Your St. Patrick’s Day celebration will revolve around people, food, and beer.
Corn beef is almost always gluten free. To be absolutely certain, check out this article which lists the brands that promise ‘safe’ products on their website.
Check out this recipe collection from Elana’s Pantry. This recipe for ‘Shamrock Smoothie’ certainly looks intriguing, and this article includes other ideas for the St. Patrick’s Day celebration involving children.
Last but not least, let’s talk about the beer. Barley — not wheat — is the problem where beer is concerned. There are many brands of wheat-free beer available, but how do we avoid barley? Here is a link to a review of six brands of beer which are brewed from sorghum or other acceptable grains.
I’ll be drinking Omission beer. It tastes like the beer I drank while living in Germany; this is before my diagnosis, of course. It is brewed from barley (just like the brew we are used to) but the brewers have figured out a way to extract the gluten from the brew making it somewhat less than 10 parts-per-million gluten.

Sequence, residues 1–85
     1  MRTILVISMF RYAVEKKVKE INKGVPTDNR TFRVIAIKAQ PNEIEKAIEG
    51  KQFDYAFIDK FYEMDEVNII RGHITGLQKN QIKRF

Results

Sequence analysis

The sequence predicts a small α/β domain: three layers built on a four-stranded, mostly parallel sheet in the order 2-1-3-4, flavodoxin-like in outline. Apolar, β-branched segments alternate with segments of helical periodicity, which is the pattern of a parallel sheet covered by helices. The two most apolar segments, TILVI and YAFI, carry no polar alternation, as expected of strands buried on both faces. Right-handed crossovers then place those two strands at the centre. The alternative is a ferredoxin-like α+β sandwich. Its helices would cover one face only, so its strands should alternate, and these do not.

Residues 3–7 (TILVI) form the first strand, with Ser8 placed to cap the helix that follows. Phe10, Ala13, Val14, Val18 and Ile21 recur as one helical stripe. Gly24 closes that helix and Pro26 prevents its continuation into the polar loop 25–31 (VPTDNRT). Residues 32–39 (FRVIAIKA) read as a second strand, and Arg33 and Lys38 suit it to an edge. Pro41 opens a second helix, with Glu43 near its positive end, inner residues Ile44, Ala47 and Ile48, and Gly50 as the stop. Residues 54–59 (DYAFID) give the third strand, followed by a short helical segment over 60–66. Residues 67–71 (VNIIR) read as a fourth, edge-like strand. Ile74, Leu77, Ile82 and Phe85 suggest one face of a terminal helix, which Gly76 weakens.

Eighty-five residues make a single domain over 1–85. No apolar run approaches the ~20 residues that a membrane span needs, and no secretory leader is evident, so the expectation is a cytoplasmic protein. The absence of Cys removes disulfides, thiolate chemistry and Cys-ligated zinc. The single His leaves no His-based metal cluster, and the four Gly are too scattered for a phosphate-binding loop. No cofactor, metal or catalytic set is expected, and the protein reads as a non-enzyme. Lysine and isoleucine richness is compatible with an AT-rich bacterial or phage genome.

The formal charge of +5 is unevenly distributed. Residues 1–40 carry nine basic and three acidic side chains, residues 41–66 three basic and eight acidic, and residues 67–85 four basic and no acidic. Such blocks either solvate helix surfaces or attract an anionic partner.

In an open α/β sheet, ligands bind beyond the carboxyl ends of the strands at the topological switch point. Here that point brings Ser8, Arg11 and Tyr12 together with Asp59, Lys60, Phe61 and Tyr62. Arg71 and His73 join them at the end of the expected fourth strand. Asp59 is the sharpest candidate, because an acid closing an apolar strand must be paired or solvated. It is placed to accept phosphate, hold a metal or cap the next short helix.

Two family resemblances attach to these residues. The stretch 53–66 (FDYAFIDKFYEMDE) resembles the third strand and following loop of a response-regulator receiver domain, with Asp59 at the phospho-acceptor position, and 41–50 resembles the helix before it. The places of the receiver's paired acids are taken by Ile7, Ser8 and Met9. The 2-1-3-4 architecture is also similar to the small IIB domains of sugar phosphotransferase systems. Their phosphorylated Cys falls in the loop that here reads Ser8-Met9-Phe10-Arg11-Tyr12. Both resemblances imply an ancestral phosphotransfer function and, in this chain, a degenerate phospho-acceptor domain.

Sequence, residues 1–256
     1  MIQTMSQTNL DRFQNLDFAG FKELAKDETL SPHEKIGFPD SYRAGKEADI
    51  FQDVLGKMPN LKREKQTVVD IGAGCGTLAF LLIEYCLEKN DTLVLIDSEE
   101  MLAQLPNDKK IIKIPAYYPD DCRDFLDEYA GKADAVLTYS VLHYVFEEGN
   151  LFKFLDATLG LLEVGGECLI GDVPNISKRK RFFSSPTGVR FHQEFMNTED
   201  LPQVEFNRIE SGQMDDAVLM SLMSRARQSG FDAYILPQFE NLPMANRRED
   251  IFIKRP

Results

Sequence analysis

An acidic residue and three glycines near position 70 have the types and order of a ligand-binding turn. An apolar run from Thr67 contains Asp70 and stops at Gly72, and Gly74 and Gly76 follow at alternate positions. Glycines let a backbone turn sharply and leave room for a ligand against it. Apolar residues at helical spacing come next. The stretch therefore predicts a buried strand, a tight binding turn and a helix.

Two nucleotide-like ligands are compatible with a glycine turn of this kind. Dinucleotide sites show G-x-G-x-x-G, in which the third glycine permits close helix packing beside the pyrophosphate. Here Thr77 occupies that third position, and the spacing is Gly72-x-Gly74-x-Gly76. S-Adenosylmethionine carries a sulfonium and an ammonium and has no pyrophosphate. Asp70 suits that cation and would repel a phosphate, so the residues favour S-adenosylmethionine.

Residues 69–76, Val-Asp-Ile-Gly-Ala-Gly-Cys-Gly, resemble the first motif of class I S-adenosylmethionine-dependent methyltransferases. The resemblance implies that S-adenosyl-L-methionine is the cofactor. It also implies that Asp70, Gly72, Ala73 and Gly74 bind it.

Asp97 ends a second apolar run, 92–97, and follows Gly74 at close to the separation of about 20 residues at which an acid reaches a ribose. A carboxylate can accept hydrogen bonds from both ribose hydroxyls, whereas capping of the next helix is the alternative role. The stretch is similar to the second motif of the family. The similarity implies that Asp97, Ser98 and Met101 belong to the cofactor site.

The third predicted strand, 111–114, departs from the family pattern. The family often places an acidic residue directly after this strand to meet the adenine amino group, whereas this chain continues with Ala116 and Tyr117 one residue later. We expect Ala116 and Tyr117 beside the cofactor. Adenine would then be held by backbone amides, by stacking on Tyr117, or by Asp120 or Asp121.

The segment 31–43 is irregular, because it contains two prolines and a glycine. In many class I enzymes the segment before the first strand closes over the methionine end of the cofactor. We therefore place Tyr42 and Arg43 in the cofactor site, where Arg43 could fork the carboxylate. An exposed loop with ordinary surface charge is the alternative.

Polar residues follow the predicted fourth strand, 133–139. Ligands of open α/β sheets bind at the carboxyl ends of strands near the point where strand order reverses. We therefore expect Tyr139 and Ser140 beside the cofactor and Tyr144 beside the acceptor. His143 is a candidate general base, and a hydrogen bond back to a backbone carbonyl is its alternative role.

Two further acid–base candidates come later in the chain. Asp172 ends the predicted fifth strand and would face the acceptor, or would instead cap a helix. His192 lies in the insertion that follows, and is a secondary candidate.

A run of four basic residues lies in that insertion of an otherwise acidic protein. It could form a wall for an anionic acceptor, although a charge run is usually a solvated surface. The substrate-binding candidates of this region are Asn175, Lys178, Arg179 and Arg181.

Now the story gets a bit weird. Forgive the digression, but articles about great beer are useful at St Patrick’s Day and this story says a lot about why celiacs get confused, the FDA seems paralyzed and unable to act and gluten free blogs get confusing. Anyway, one group of bureaucrats believes that a product that contains (or ever contained) a gluten toxic grain can’t ever be considered gluten free. Another group of bureaucrats relies on test results and therefore consider Omission beer ‘safe’ and drinkable. I live in Oregon where Omission beer is labeled gluten free. People in other states may find Omission beer with different packaging that says nothing about gluten or gluten free.